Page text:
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TCP Internals

Posted on 1998-01-13
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Last Modified: 2013-12-26
Yes, it's really 400 points. And it's a tough one. :)

I need to know the general design of TCP internals. That is, what in general happens on the TCP level between calls to open and close a socket. How it sends IP datagrams. How it works with SYN / ACK packets etc.

In particular, I am interested in what else TCP is doing other than calling IP API. Allocating memory, obviously. Does it use timers? Other system calls? Interrupts?

There are no books available for me on this topic. So I look for a few pages of explanations. Thanks.
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Question by:simonff
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by:yonat
ID: 1295913
First of all, get "Interneting with TCP/IP" by Stevens. All three volumes. TCP is in volume I, but all volumes are highly recommended.

As for what the TCP layer does:
1. Collects the "payload" parts of IP packets into a continuous buffer.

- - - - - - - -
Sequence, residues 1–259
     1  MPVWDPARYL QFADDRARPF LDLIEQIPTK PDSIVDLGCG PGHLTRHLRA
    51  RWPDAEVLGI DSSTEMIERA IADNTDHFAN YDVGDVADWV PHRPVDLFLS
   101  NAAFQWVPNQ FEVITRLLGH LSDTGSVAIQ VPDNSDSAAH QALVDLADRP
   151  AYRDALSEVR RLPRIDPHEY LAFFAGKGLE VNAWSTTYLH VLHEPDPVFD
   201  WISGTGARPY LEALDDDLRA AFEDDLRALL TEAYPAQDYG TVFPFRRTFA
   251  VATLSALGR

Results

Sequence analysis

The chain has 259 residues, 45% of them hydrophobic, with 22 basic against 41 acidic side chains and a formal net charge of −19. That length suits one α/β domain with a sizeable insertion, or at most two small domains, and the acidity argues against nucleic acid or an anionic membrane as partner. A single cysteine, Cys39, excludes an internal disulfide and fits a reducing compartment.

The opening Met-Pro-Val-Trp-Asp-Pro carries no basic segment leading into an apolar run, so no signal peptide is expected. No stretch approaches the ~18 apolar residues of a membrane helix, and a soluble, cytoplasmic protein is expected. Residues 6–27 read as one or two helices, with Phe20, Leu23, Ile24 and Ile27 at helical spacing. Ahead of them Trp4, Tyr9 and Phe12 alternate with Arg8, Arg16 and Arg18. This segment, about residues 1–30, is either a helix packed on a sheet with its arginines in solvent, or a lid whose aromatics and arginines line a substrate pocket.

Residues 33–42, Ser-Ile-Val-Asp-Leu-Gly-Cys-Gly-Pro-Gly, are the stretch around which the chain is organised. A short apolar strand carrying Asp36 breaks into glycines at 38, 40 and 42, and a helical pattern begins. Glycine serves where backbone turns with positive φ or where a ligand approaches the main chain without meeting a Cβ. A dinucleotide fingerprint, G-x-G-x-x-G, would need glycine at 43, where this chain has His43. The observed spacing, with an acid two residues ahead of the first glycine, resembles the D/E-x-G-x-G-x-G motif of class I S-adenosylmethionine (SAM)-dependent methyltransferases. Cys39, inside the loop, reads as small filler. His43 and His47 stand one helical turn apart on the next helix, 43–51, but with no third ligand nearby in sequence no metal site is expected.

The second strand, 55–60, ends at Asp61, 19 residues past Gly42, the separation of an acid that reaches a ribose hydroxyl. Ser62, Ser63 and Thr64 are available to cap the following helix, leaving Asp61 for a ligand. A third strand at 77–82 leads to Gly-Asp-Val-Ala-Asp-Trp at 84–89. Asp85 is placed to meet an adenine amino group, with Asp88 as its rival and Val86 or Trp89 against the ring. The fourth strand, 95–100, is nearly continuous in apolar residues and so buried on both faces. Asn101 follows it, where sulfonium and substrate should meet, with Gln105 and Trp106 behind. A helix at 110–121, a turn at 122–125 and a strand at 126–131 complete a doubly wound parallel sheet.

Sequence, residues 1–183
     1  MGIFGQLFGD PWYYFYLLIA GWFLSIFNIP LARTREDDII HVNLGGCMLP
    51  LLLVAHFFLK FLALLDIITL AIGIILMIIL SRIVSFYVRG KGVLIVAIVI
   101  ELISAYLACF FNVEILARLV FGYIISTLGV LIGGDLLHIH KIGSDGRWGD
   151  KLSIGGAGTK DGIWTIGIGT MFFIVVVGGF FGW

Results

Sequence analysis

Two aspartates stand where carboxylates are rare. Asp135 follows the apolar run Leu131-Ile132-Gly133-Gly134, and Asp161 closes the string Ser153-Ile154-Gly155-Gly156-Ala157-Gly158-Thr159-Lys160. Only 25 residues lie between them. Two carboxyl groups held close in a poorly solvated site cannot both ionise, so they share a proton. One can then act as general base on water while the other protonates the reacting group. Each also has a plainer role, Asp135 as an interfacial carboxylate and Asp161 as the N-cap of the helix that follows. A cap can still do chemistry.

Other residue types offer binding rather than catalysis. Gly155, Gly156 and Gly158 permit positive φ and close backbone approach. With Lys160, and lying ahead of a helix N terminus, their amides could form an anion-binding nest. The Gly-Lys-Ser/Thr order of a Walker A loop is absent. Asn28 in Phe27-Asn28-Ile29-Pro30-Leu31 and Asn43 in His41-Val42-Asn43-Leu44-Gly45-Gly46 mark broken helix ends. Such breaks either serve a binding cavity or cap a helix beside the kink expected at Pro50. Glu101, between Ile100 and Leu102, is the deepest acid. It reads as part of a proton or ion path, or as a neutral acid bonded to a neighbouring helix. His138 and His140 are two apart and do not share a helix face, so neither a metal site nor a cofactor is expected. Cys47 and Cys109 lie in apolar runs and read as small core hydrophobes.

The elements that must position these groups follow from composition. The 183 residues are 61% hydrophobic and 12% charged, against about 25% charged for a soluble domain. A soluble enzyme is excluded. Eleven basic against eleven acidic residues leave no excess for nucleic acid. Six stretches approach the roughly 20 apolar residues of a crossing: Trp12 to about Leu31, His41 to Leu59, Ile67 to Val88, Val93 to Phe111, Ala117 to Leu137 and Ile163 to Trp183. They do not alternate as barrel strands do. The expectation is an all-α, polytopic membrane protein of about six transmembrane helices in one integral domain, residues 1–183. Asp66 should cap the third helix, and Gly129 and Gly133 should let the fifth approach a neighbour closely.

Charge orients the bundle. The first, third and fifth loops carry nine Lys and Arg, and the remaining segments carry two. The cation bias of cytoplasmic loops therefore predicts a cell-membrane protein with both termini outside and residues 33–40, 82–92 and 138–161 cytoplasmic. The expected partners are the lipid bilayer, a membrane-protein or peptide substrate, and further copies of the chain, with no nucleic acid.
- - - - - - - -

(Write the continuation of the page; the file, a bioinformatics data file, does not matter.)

2. In order to do 1 above, re-orders any out-of-order IP packets.
3. In order to do 1 above, ensure that no IP packets are missing (usualy using a "moving window", and yes - timers).

For more info on implementing TCP stacks, see another book by Stevens, I think it's called "Unix Networking" or something like this.


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by:simonff
ID: 1295914
Thanks, Yonat. Unfortunately, as I said, I cannot get a hold of any books in time. Ordering them takes about a month here in Moscow, Russia.
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jhance earned 400 total points
ID: 1295915
Have you explored the resources at www.linux.org.  There is a lot of information about how the linux networking stuff works and you can also download complete source code to working tcp/ip protocol drivers.
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Author Comment

by:simonff
ID: 1295916
Thanks, but this information is all high-level, either just describing TCP and IP without delving into the implementation, or telling how to program with sockets.
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Expert Comment

by:yonat
ID: 1295917
Ah you want to program with sockets - go to www.sockets.com (It is MS Windows specific). They have lots of docus and sample programs.

BTW, the second Stevens book I mentioned is called "Unix Network Programming", and it is very recommended. I'm sure you can find these books in any university library.
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